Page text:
That single word translates to “The Way of the Househusband.” And that title pretty much tells you everything you need to know about this short series. Netflix licensed this five episode ONA early in 2021. Netflix and anime have had their brushes over the years, sometimes for good, sometimes not. We’ve all seen the memes showing the progression from manga […]
That single word translates to “The Way of the Househusband.” And that title pretty much tells you everything you need to know about this short series.
Netflix licensed this five episode ONA early in 2021. Netflix and anime have had their brushes over the years, sometimes for good, sometimes not. We’ve all seen the memes showing the progression from manga to anime to Netflix! Yeah yeah that usually pokes fun at live-action adaptations, but nevertheless, people cringe in uncertainty when they hear “Netflix” and “anime” in the same sentence, and rightly so. This very short series does very little for me. I get the idea, but the idea doesn’t come across very well in the anime. If you’re looking for something really short that’s just a little funny, go right ahead. But to me, Netflix put its name on another miss here. I’ll make this quick.
Basically there’s Tatsu, his cute wife Miku, his foil Masa, and then a bunch of normies and yakuza who appear and disappear in quick succession.
Tatsu is the yakuza-turned-househusband (our friend Roku from Sentouin would be jealous). The only thing I like about this character is Kenjiro Tsuda, the VA for Tatsu. This prolific and well known seiyuu has been going at it since 1995, but will be most familiar to modern audiences for playing supporting characters in popular titles such as My Hero Academia (Overhaul), Jujutsu Kaisen (Kento), and To Your Eternity (The Beholder; the narrator guy). His smooth and sinister voice is instantly recognizable. He always brings a certain level of interest factor to his characters just because of his voice. But other than that, this character is very blah. I get it, it’s supposed to be funny. The infamous yakuza turns into a housekeeping, stay-at-home husband while his otaku wife works for a living. But it isn’t really that funny. Tatsu’s yakuza mannerisms applied to housework and ordinary slice-of-life circumstances become boring after about five minutes. There really isn’t much more to him than that.
Miku, his wife, is pretty and sweet. She has figurines from her favorite anime shows which Tatsu protects ferociously. We love our otaku characters! I like her, but there isn’t much to her character other than being a sweet, hard-working, mature, and otaku wife. Maybe the manga explains it, but the anime doesn’t give us any idea of how she became Tatsu’s wife or how this situation evolved in the first place. So she’s just kind of there as the working wife and not much more.
Masa is just a foil for Tatsu. He worships the former crime boss, but more or less just conveniently ends up getting involved with the contrived scenarios Tatsu finds himself in. I can’t even think of anything to say about this character. The series is so brief and character development isn’t even a factor, so there’s not much to discuss about any of the characters, least of all primary supporting characters and below.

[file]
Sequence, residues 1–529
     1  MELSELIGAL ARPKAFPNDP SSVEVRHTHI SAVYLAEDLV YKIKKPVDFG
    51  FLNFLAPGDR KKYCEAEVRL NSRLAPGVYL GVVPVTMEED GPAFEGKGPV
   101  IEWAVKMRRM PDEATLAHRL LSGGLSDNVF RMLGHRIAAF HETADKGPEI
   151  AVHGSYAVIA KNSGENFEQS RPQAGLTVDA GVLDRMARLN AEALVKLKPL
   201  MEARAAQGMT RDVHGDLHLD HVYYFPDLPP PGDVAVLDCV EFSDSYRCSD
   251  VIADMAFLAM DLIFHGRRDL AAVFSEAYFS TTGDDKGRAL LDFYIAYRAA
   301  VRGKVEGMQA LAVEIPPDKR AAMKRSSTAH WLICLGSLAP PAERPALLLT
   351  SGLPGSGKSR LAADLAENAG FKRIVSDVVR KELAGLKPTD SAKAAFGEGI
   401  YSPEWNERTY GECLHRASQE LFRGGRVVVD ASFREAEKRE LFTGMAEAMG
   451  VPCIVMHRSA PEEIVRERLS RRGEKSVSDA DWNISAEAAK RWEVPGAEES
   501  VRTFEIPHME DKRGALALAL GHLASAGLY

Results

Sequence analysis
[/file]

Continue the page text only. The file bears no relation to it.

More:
Everybody else is an ordinary person or yakuza. The yakuza characters try to stir up trouble with Masa or whoever, but when Tatsu arrives, his reputation and the mannerisms he maintains despite his new status in life usually put an end to these encounters. Many of the yakuza we see now occupy similarly bland-by-contrast stations in life just like Tatsu. This is a big problem I have with this series. Tatsu’s station is supposed to be comically ironic, but when half of the other characters have the same thing going on, it makes Tatsu’s situation even less remarkable on any level. So if Tatsu’s situation wasn’t really that funny to begin with, it becomes even less entertaining after we meet Torajirou and his crepe stand and Hibari Torii working at a supermarket, etc.
Five episodes is hardly enough time to build up a good cast. But that said, we’ve all seen characters who are great the moment you lay eyes on them. In that sense, five episodes seems like more than enough! But for Gokushufudou, I doubt 100 episodes would help. Doubtless the brief nature of the show is part of the reason the authors don’t try to develop the characters or make them any more sophisticated initially, but that also could just be an excuse for not trying to create better characters. Either way, I didn’t find any character particularly interesting in any way. I remember the cats and dogs talking in one of those episodes better than anything else!
The artwork definitely is trying to support the premise of this story. We get lots of camera angles meant to enhance the sinister looks of Tatsu and the other yakuza we encounter. And usually this coincides with catching a roach, cooking a particular dish, or getting a good deal at the supermarket. Yeah, it is what it is and not much more.
If you say “Netflix” and “anime” in the same sentence, yes you might cringe. But if you say “Netflix” and “anime” and “artwork,” you might think Violet Evergarden. The artwork there is of the highest quality; to this day (June 2021) I still maintain it has the most beautiful drawings I’ve ever seen in anime. So if nothing else, once I see Netflix’s name on an anime, I have decently high expectations for its artwork. And while I can see the quality in Gokushufudou’s drawings, there’s nothing exceptional about it. The characters themselves look a little unusual, a little undetailed, almost to the point of looking too plain. Almost like the anime artists missed in their attempts to channel the style of the manga. It’s a bit hard to describe, but it isn’t very attractive somehow.